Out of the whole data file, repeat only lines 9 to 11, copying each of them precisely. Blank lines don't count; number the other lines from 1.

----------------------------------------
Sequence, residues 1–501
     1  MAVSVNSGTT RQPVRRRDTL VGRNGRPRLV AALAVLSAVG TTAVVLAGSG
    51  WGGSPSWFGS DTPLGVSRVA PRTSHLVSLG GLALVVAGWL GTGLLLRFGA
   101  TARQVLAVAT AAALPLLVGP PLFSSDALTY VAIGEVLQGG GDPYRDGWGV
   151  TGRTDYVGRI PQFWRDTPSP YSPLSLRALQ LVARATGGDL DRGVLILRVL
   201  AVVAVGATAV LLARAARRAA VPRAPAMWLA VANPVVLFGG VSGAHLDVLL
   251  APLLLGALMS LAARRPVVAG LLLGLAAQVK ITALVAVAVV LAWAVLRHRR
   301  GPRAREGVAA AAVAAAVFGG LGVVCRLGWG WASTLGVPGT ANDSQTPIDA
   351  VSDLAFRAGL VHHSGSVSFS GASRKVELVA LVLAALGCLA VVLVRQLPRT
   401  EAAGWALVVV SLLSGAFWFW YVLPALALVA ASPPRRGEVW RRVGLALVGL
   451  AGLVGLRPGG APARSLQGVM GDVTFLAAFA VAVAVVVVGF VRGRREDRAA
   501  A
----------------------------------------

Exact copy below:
   351  VSDLAFRAGL VHHSGSVSFS GASRKVELVA LVLAALGCLA VVLVRQLPRT
   401  EAAGWALVVV SLLSGAFWFW YVLPALALVA ASPPRRGEVW RRVGLALVGL
   451  AGLVGLRPGG APARSLQGVM GDVTFLAAFA VAVAVVVVGF VRGRREDRAA